How to: Register and Configure a Service Moniker

Before using the Windows Communication Foundation (WCF) service moniker within a COM application with a typed contract, you must register the required attributed types with COM, and configure the COM application and the moniker with the required binding configuration.

To register the required attributed types with COM

  1. Use the ServiceModel Metadata Utility Tool (Svcutil.exe) tool to retrieve the metadata contract from the WCF service. This generates the source code for a WCF client assembly and a client application configuration file.

  2. Ensure that the types in the assembly are marked as ComVisible. To do so, add the following attribute to the AssemblyInfo.cs file in your Visual Studio project.

    [assembly: ComVisible(true)]  
  3. Compile the managed WCF client as a strong-named assembly. This requires signing with a cryptographic key pair. For more information, see Signing an Assembly with a Strong Name in the .NET Developer's Guide.

  4. Use the Assembly Registration (Regasm.exe) tool with the /tlb option to register the types in the assembly with COM.

  5. Use the Global Assembly Cache (Gacutil.exe) tool to add the assembly to the global assembly cache.


    Signing the assembly and adding it to the Global Assembly Cache are optional steps, but they can simplify the process of loading the assembly from the correct location at runtime.

To configure the COM application and the moniker with the required binding configuration

  • Place the binding definitions (generated by the ServiceModel Metadata Utility Tool (Svcutil.exe) in the generated client application configuration file) in the client application's configuration file. For example, for a Visual Basic 6.0 executable named CallCenterClient.exe, the configuration should be placed in a file named CallCenterConfig.exe.config within the same directory as the executable. The client application can now use the moniker. Note that the binding configuration is not required if using one of the standard binding types provided by WCF.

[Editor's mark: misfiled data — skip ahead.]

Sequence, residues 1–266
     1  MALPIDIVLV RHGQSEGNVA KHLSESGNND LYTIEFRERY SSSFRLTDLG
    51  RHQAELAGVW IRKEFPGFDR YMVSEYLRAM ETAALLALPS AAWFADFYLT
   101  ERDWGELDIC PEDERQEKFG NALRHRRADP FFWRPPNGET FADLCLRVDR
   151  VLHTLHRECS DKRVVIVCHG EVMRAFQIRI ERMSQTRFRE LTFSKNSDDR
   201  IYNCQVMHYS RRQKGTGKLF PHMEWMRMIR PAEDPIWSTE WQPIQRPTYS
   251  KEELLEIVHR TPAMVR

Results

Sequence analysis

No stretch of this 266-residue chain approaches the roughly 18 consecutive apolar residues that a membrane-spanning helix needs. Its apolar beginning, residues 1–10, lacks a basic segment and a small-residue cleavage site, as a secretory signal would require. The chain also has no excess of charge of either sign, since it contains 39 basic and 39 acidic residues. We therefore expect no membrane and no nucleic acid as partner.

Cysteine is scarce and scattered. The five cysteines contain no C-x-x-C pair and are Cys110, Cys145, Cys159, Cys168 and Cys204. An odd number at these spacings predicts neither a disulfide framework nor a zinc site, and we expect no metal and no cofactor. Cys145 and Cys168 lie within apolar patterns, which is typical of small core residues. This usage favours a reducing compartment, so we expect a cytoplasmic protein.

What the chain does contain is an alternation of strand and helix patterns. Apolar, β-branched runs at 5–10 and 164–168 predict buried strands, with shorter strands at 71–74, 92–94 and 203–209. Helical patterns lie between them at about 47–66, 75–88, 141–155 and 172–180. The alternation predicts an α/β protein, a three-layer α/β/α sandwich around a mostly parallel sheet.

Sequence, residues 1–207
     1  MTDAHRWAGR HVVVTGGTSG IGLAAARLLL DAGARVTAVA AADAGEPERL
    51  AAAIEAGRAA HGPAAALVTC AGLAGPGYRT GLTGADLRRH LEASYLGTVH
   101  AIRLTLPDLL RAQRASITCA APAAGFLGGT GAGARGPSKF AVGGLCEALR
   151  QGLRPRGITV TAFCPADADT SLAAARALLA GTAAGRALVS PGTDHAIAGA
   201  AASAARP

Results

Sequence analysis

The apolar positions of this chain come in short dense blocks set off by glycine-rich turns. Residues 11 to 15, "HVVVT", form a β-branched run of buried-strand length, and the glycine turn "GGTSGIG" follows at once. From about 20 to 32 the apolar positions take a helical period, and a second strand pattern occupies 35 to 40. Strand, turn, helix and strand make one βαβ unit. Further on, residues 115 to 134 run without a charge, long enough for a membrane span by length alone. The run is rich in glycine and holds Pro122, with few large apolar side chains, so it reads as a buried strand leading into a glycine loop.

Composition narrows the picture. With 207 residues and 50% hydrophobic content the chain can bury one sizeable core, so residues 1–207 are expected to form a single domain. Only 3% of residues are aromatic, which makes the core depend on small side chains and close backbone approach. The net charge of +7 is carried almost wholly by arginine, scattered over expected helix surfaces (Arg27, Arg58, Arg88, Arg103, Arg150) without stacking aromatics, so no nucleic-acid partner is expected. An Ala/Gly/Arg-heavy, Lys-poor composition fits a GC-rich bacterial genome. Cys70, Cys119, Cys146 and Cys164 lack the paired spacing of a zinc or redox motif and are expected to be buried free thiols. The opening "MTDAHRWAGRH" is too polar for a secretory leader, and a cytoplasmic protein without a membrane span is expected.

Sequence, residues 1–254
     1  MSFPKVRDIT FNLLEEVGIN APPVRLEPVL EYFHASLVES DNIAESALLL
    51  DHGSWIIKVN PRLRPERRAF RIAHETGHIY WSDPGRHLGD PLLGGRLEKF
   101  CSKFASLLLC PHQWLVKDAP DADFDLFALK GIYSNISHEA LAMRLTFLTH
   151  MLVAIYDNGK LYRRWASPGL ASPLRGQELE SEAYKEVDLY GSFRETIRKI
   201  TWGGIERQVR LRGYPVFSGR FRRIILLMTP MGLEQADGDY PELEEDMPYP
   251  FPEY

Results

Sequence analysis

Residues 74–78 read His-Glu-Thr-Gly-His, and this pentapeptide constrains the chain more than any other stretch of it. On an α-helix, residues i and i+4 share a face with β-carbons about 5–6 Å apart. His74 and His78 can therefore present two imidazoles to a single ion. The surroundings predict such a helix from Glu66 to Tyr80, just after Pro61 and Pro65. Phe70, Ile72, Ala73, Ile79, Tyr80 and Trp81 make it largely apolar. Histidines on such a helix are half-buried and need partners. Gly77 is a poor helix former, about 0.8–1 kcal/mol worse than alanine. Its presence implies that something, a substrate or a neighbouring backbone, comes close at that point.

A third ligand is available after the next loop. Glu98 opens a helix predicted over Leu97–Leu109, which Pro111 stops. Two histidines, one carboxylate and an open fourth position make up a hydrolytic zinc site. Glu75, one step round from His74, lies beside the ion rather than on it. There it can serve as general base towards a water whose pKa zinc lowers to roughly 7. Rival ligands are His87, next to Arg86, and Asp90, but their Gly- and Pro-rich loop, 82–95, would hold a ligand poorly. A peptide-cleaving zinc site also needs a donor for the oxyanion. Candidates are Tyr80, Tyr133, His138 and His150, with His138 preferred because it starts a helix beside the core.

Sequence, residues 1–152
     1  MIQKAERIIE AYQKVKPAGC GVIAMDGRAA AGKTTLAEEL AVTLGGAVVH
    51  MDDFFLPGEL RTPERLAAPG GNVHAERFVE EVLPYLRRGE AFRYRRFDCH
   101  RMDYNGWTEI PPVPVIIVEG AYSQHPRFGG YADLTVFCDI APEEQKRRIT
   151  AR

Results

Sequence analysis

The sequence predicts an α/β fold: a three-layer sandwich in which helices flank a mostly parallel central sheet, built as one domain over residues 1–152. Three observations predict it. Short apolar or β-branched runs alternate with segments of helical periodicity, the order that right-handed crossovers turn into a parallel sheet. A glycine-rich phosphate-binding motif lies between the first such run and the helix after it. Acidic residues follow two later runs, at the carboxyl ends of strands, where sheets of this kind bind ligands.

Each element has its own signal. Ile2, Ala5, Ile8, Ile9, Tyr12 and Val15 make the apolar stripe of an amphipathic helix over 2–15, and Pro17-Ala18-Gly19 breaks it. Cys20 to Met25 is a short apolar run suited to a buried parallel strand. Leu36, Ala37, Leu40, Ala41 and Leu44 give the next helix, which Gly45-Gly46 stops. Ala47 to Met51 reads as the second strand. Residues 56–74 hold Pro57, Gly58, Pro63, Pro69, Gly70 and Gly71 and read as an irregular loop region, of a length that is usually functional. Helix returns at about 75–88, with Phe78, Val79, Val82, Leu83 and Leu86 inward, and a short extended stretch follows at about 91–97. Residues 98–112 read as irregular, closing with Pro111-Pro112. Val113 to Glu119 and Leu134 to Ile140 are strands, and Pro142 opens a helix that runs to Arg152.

The following type is registered.

    using System.ServiceModel;  
    public interface IMathService   
    public int Add(int x, int y);  
    public int Subtract(int x, int y);  

    The application is exposed using a wsHttpBinding binding. For the given type and application configuration, the following example moniker strings are used.

    service4:address=http://localhost/MathService, binding=wsHttpBinding, bindingConfiguration=Binding1  


    service4:address=http://localhost/MathService, binding=wsHttpBinding, bindingConfiguration=Binding1, contract={36ADAD5A-A944-4d5c-9B7C-967E4F00A090}  

    You can use either of these moniker strings from within a Visual Basic 6.0 application, after adding a reference to the assembly that contains the IMathService types, as shown in the following sample code.

    Dim MathProxy As IMathService  
    Dim result As Integer  
    Set MathProxy = GetObject( _  
            "service4:address=http://localhost/MathService, _  
            binding=wsHttpBinding, _  
    result = MathProxy.Add(3, 5)  

    In this example, the definition for the binding configuration Binding1 is stored in a suitably named configuration file for the client application, such as vb6appname.exe.config.


    You can use similar code in a C#, a C++, or any other .NET Language application.


    : If the moniker is malformed or if the service is unavailable, the call to GetObject returns an error of "Invalid Syntax". If you receive this error, make sure the moniker you are using is correct and the service is available.

    Although this topic focuses on using the service moniker from VB 6.0 code, you can use a service moniker from other languages. When using a moniker from C++ code the Svcutil.exe generated assembly should be imported with "no_namespace named_guids raw_interfaces_only" as shown in the following code.

    #import "ComTestProxy.tlb" no_namespace named_guids  

    This modifies the imported interface definitions so that all methods return an HResult. Any other return values are converted into out parameters. The overall execution of the methods remains the same. This allows you to determine the cause of an exception when calling a method on the proxy. This functionality is only available from C++ code.

See also